The four-card combination King of Wands, Biting Through, Strength and 8 of Swords suggests that he will be a man of potent actions but few words, once he masters that wagging tongue. “Actions speak louder than words” could very well become his motto. That 8 of Swords might make him a brooder – but only until he decides to take a big bite out of whatever (or whomever) is bothering him. In that sense, I prefer to see the Woman in Strength as opening the jaws of the Lion, not closing them as Waite prefers.
The Wilhelm/Baynes judgment for Ta Yu reads:
“Possession in great measure. Supreme success.”
The Image symbolizes the union of strength and clarity. Wilhelm continues: “Possession in great measure is determined by fate and accords with the time. The time is favorable – a time of strength within, clarity and culture without. Power is expressing itself in a graceful and controlled way. This brings supreme success and wealth.”
Richard Gill concludes: “To him who is blessed, great blessings come: prosperity and supreme success.”
From an “inner personality” perspective, all of this favors enormous self-possession and self-confidence. He will be a Capricorn and no doubt highly acquisitive in many ways; here it could mean a relentless focus on gathering knowledge for the purpose of furthering self-understanding.
The four-card combination Chariot, Great Possessions, 7 of Cups and 9 of Stones depicts a goal-driven individual, tough on the outside but considerably softer in the middle. Both the Chariot and the 9 of Stones are “lunar” cards, symbolic of the condition of “accumulation” (especially of things related to material success), which could be both a blessing and a curse. As a quality of “inner space,” it could mean that he has a head crammed full of information, not all of which has practical applications; however, the 7 of Cups signifies a vivid imagination that should be able to leverage all of that “stuff” in imaginative and creative ways, as long as he doesn’t get lost in the sheer fascination of “building castles in the air.” Maybe he shouldn’t read fantasy literature? Or, better yet, maybe he should write it!
The Wilhelm/Baynes judgment for K’an reads: (Note that this hexagram is described elsewhere as “Danger” and “Peril,” and Wilhelm denotes it as a “doubling of danger” due to the construction of the Image.)
The Abysmal repeated.
If you are sincere, you have success in your heart,
And whatever you do succeeds.
Through repetition of danger we become accustomed to it. Water sets the example for the right conduct under such circumstances. It flows on and on, and merely fills up all the places through which it flows; it does not shrink from any dangerous spot, nor from any plunge, and nothing can make it lose its own essential nature. It remains true to itself under all conditions. Thus likewise, if one is sincere when confronted with difficulties, the heart can penetrate the meaning of the situation. And once we have gained inner mastery of a problem, it will come naturally that the action we take will succeed.”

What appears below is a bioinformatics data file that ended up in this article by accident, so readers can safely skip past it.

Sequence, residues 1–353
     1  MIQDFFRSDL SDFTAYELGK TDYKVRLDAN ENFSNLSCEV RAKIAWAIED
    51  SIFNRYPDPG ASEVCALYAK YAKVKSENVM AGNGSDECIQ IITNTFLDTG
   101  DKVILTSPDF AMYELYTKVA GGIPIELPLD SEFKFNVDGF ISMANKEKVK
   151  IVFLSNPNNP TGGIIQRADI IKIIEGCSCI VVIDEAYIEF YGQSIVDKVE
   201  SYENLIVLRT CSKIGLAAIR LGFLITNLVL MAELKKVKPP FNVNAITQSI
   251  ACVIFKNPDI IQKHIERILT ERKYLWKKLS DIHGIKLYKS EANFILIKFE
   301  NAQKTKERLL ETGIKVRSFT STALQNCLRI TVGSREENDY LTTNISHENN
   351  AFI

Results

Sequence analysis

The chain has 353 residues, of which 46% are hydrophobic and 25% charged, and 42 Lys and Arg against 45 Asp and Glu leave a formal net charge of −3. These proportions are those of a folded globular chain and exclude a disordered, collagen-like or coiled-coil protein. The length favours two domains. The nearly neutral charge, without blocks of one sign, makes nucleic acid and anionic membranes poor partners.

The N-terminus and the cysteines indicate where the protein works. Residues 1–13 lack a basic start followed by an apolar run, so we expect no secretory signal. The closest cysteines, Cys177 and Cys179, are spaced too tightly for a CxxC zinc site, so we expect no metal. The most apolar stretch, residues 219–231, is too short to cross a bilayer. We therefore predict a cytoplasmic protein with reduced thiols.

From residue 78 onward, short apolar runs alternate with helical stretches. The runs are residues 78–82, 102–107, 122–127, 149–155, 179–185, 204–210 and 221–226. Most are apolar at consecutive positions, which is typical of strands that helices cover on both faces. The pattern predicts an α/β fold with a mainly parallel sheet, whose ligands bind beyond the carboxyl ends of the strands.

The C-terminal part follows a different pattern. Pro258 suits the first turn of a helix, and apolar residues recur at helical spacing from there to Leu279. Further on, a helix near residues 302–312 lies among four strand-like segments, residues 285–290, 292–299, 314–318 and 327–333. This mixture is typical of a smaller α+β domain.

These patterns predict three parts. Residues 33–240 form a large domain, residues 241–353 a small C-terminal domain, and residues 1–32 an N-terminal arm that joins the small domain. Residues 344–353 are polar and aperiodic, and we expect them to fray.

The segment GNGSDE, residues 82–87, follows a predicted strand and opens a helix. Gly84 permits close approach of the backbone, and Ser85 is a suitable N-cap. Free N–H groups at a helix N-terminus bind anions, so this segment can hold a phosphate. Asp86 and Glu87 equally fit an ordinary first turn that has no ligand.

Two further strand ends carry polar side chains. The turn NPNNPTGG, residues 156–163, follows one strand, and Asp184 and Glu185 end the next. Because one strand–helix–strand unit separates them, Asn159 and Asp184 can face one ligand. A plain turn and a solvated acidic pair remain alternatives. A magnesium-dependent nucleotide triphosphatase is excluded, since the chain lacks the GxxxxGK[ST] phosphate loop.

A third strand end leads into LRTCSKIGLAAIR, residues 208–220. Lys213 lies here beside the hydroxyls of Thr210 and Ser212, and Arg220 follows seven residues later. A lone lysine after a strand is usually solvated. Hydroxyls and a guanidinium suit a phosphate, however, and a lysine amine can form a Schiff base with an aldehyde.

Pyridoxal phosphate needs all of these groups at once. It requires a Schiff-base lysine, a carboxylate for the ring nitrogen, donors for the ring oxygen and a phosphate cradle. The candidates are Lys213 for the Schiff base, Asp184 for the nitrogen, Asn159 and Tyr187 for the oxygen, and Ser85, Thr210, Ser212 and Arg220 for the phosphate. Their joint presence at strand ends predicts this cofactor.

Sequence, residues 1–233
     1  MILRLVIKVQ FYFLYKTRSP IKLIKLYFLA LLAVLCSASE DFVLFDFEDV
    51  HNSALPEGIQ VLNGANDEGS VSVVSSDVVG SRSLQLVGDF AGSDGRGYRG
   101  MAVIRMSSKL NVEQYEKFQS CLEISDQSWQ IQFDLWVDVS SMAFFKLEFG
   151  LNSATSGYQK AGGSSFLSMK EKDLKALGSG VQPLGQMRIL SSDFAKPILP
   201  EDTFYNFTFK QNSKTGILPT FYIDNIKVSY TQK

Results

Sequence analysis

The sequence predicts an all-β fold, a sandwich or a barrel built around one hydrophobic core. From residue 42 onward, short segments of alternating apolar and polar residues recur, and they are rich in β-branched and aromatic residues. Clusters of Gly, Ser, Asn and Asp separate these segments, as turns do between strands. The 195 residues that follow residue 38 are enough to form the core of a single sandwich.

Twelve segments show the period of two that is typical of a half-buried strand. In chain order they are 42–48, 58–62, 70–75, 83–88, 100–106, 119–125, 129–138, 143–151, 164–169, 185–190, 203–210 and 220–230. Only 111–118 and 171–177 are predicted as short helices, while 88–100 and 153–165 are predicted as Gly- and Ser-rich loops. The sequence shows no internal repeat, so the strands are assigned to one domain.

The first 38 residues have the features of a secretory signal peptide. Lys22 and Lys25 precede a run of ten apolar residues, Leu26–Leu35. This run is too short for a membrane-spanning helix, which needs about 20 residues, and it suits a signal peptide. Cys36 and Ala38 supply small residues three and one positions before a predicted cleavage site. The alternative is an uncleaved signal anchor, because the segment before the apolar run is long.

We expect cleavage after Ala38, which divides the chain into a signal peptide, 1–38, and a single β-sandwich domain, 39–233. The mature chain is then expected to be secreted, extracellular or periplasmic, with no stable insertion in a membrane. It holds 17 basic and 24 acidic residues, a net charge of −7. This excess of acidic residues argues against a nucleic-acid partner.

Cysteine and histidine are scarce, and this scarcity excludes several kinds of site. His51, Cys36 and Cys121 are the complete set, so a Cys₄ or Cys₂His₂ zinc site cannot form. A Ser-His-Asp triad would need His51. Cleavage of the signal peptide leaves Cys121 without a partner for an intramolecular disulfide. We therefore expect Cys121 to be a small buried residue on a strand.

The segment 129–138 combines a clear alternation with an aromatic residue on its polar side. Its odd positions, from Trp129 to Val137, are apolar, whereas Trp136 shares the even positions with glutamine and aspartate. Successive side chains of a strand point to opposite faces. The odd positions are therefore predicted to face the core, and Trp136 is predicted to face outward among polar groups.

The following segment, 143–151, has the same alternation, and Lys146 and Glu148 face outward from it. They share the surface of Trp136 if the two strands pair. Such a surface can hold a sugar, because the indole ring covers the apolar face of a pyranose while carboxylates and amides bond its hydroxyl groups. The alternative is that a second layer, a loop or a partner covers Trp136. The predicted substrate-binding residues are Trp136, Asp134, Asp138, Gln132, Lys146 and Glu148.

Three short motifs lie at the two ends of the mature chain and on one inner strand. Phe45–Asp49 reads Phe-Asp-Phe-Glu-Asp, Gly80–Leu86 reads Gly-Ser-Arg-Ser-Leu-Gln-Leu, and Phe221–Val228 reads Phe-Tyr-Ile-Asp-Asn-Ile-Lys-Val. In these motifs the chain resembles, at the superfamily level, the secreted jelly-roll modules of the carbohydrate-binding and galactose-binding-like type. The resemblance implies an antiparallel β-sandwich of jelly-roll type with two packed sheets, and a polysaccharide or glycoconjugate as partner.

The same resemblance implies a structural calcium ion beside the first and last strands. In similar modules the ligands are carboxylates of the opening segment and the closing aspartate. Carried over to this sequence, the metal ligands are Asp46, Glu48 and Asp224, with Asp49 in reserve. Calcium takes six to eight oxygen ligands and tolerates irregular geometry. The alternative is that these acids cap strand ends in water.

Richard Gill offers:”If you are alert, true-hearted and confident, you can steer through this perilous chasm and survive.”
From the standpoint of the “interactive personality,” an individual with these qualities is someone I would want on my side, not on the opposing one since he would clearly strike a hard bargain. He will most likely make an effective and fearless leader in difficult situations. I doubt that he would be risk-averse in any way, shape or form, taking on challenges singly or in groups simply because, like Mt. Everest for George Mallory, they are “there” for his entertainment.
The three-card combination of Danger, the Devil and the 10 of Swords tells a different story. The Devil following the Abysmal card represents a double helping of malignant or maybe just misapplied energy (as in “too clever for his own good”), and the dismal 10 of Swords ups the ante more than a little. This casts some doubt on the whole “sincere and true-hearted” assumption; in this position it could mean a sly manipulator who gets his way “by hook or by crook,” not by purity of heart and sheer grit. The Devil corresponds to Capricorn, and as a Capricorn native he could be completely in his element, pulling strings with Machiavellian glee in a business environment, and seldom with the most unimpeachable of motives. He’s not afraid to “get his hands dirty.” From a different angle, he might not be the perpetrator of such shenanigans but the enforcer of them for those in power, which can all too easily turn into a “fall-guy” or “scapegoat” situation; the RWS 10 of Swords portrays what looks like the victim of a back-stabbing. Given the rest of this reading, however, my money would be on him delivering that stoke rather than receiving it.
On the plus side, the Devil suggests that he possesses tremendous physical reserves that could be brought to bear on feats of remarkable athletic acumen and endurance, especially in a team environment. But he still needs to be careful that he doesn’t get in over his head, deluded by his own sense of omnipotence. The 10 of Swords implies that he might run out of gas before he gets to the finish line if he squanders his resources.